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Workplace Safety: OSHA and OSH Act Overview

Employees have the right to a safe workplace free of known dangers to themselves and their co-workers. The Occupational Safety and Health Administration (OSHA) is the government agency in charge of setting standards, providing information and training to employees and employers, and generally making sure that America's workforce stays healthy and safe.

Employee Rights Under OSHA and the OSH Act

The primary law covering worker safety is the Occupational Safety and Health (OSH) Act of 1970. The primary goal of this law is to reduce workplace hazards and implement safety and health programs for both employers and their employees. To this end, the OSH Act and related regulations from OSHA give employees a number of rights, including the rights to:

  • get clear training and information in layman's terms on the hazards of their workplace, ways to avoid harm, and applicable OSHA standards and laws;
  • obtain and review documentation on work-related illnesses and injuries at the job site;
  • confidentially make a complaint with OSHA to have an inspection of the workplace;
  • if desired, accompany and take part in a requested OSHA inspection of the workplace;
  • get copies of any tests done to measure workplace hazards (e.g. chemical, air, and similar testing);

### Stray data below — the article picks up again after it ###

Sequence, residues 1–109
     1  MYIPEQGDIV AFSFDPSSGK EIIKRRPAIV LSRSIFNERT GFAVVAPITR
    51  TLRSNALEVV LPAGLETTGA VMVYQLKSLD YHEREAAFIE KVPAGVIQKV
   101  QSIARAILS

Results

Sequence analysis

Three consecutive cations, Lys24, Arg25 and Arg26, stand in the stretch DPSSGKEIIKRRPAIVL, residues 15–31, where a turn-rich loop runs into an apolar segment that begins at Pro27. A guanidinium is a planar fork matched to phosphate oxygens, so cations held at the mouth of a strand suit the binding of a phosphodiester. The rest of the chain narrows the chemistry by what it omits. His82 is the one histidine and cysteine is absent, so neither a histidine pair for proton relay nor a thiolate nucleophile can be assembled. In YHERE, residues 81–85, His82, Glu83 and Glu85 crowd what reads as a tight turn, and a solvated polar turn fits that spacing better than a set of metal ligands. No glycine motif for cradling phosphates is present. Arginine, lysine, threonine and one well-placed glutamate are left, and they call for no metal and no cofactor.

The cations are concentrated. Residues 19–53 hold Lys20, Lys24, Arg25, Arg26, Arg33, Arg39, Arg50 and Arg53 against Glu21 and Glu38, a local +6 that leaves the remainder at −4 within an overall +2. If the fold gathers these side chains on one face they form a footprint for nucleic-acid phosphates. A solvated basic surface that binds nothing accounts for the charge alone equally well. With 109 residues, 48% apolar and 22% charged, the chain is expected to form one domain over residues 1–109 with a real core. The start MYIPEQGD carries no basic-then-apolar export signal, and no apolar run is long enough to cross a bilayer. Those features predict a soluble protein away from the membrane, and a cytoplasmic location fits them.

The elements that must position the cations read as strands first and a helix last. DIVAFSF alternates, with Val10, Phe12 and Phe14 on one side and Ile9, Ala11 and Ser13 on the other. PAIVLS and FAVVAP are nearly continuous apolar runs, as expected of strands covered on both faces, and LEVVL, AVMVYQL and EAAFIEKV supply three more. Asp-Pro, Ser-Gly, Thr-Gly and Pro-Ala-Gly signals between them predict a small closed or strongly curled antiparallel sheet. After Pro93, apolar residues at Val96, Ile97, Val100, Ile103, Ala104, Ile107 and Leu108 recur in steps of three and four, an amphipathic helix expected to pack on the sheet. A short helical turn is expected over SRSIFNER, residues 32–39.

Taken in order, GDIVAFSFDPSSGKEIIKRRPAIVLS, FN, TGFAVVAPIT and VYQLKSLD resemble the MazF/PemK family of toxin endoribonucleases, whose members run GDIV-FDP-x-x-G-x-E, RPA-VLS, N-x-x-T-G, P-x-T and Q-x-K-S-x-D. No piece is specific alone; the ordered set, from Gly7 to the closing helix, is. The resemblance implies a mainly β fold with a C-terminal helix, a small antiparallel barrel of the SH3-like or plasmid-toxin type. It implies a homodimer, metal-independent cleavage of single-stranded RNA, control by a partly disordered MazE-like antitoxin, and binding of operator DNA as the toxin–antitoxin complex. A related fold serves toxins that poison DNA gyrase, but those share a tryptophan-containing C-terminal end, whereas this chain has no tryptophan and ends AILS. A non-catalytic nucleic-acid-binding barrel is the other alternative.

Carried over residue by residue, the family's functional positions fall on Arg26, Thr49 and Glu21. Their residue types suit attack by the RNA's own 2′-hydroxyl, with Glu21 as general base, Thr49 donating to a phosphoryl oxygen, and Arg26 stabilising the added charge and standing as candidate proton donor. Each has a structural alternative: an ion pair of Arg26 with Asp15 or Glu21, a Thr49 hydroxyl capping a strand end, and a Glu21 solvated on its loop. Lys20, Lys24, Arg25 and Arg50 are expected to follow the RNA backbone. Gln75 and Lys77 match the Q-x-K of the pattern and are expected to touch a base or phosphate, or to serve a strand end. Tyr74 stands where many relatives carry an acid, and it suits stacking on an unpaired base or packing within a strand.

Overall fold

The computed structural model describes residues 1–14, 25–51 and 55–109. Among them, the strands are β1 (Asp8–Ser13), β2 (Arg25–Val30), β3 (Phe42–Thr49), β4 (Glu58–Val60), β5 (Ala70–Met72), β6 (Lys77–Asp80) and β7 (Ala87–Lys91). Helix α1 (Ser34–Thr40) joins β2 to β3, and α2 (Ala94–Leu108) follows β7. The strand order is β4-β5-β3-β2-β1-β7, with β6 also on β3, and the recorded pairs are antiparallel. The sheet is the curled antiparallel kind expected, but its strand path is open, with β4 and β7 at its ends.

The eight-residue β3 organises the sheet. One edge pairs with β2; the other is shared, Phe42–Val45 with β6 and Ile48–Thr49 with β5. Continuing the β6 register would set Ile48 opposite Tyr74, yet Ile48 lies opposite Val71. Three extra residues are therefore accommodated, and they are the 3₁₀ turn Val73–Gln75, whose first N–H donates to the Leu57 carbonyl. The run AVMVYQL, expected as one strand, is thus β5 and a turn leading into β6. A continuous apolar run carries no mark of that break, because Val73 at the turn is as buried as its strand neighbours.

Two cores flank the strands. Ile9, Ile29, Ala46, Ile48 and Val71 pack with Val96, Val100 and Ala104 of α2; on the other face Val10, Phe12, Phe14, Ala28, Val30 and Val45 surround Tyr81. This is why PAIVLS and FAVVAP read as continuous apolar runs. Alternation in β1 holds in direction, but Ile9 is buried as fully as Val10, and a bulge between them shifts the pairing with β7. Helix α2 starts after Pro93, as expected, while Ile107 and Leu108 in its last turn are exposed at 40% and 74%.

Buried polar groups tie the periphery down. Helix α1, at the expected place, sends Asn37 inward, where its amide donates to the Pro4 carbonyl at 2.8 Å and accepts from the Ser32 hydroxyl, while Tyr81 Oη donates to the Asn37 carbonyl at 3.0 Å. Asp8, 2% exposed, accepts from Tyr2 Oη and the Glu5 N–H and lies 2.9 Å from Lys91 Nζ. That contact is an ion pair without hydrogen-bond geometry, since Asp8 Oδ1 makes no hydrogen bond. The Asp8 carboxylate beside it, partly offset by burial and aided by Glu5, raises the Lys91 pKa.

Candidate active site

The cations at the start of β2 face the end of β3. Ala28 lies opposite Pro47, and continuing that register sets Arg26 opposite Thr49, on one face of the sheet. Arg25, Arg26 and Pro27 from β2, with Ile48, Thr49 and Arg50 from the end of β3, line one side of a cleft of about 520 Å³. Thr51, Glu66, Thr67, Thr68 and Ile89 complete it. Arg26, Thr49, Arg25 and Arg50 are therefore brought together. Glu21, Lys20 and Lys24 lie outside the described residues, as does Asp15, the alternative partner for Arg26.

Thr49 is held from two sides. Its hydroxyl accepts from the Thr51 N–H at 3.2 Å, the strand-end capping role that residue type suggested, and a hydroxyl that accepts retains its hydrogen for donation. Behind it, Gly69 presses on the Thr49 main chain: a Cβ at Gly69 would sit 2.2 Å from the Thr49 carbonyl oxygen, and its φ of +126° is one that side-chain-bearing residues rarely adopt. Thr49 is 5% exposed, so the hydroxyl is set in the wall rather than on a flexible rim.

• not be discriminated or retaliated against for making OSHA-related complaints or inquiries.

Supplementing these rights are a number of obligations and duties imposed on employers to maintain a safe work environment.

Employers' Obligations Under the OSH Act

In addition to, or in connection with, the employee rights outlined above, under the OSH Act and OSHA guidelines, employers have the obligations to:

  • first and foremost, provide a safe workplace free of serious hazards;
  • find health and safety hazards;
  • if hazards exist, eliminate or minimize them;
  • if workplace hazards cannot be eliminated, provide employees with adequate safeguards and protective gear at no cost to them;
  • notify employees of any hazards and provide the training necessary to address them;
  • post a list of OSHA injuries and citations, plus the OSHA poster in a place where employees will see them;
  • maintain records of work-related injuries.

Workplace Hazards and OSHA Inspections

If an employer is not addressing a workplace hazard that has been brought to its attention, an employee should contact an OSHA area office or state office via a written complaint. As noted above, there are ways to do this anonymously, even though the law prohibits employers from discriminating or retaliating against safety whistleblowers. Once the report is made, OSHA or its state counterpart will determine whether or not there are reasonable grounds for believing that a violation or danger exists. If so, the agency at issue will conduct an inspection and report its findings to the employer and employee representatives, including any steps that need to be taken to correct safety and health issues.

Next Steps
Contact a qualified workplace safety attorney to make sure
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